Scientists Have Found The World’s Oldest Brain

A 319 million-year-old fossil contains the world's oldest preserved brain.

By Britta DeVore | Published

brain fossil

When it comes to neuroscience and the study of brains, science is continuing to shock us with new discoveries every step of the way. And for their part in unearthing new things about the giant organ that lives in our heads, scientists are also having their minds blown. Such is the case with a recent study in the journal Nature that led scientists to uncover a brain fossil that is thought to be over 319 million years old – a number that would give it bragging rights of being the oldest vertebrate brain ever discovered.

According to CNN, who spoke with researcher Sam Giles of the Natural History Museum in London and is one of the co-scribes of the aforementioned study, the major find will have “big implications” for what’s possible in the continuation of how brains have evolved in fishes. The brain fossil was found inside the noggin of a very early version of a ray-finned fish known as a “coccocephalus wildi.” While the brain lingering inside the fossilized skull was a fresh find, the structure was discovered in a coal mine in England over 100 years ago. 

The group of researchers was eager to further dive into the skull of the fish as it’s the only known sample of such a creature, so they went in for a better look using an updated form of technology and CT scanning. In what Giles referred to as an “unexpected” turn, the CT scan led to the incredible finding of an “unidentified blob,” that, when looked at further, had more to it than initially met the eye. With every scientist now baffled and gazing at the specimen, they began to realize that the space inside the skull held ventricles, filaments, and cranial nerves – a brain fossil.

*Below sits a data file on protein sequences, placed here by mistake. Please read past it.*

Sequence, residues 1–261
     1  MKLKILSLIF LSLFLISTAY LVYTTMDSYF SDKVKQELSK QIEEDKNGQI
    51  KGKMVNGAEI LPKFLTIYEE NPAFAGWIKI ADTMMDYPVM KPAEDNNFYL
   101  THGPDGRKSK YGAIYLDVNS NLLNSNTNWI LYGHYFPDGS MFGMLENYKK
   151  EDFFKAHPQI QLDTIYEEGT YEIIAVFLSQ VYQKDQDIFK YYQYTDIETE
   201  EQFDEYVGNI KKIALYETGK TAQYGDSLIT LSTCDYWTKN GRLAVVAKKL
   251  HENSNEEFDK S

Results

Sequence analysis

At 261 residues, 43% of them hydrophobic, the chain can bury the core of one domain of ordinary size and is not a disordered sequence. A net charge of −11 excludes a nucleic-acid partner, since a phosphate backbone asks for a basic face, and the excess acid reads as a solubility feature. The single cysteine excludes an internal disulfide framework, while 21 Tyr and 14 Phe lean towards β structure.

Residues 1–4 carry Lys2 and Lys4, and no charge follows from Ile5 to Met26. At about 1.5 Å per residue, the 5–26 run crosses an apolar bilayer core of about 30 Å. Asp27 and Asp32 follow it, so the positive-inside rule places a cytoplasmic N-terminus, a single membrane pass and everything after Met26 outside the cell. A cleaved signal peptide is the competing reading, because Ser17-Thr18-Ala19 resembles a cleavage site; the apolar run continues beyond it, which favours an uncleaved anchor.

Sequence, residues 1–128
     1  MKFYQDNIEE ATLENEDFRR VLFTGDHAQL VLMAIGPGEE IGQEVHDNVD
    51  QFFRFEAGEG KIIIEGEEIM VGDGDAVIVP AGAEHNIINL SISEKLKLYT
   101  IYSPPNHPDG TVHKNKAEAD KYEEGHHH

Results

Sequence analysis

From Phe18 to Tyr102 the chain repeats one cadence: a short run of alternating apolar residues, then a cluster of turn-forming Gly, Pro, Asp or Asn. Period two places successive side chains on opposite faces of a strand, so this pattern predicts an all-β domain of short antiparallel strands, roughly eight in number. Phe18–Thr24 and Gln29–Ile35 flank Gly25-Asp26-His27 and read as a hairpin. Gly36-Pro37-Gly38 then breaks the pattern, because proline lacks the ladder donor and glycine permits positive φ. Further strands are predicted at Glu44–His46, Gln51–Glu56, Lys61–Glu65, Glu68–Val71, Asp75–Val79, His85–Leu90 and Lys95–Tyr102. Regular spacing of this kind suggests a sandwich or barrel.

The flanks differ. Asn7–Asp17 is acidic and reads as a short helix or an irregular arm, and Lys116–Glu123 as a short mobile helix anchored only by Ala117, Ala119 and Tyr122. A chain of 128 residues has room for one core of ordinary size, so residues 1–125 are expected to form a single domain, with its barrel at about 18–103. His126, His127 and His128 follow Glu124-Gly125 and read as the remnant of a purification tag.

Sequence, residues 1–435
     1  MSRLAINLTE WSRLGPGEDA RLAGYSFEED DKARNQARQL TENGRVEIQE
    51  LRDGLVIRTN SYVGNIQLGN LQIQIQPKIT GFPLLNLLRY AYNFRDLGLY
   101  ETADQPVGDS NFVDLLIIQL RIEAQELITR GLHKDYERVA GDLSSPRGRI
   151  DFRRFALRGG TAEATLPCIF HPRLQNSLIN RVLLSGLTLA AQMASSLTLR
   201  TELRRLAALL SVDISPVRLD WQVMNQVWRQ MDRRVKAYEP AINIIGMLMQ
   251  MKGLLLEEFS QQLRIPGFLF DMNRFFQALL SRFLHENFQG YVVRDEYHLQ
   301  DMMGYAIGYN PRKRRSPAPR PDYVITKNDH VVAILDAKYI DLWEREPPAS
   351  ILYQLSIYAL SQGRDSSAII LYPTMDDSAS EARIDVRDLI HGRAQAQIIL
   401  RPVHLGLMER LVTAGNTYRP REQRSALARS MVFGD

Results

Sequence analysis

Research team member, senior author, and University of Michigan paleontologist Matt Friedman commented in a press release that he was utterly shocked at what they had come across. Doing a double take at all the “features” right there in front of him, the scientist says that he was left in disbelief that what he was looking at was a well-preserved brain fossil. Giles remembers the moment similarly, adding that while they were hoping they were looking at a brain, they had to be diligent in their uncovering process to “be certain” that it was the real thing. 

As we now know, it was a perfectly intact brain fossil that they were gawking at. The process behind the fossilization is one of your basic run-of-the-mill actions that see soft tissue being replaced by a variety of minerals. And, while this is a “typical” way for fossils to be created, for the preservation of this caliber to happen, well that’s just more than a one-in-a-million chance. 

While the brain fossil may be tiny, the study states that what it could bring to the table for scientific advancement is rather gargantuan. Another University of Michigan paleontologist wrote that while it’s “superficially unimpressive,” the fossil reveals that many beliefs held by the community on how brains evolve are incorrect and will need “reworking.” Who knows what this major finding could lead to in the future and how we understand the evolution of brains?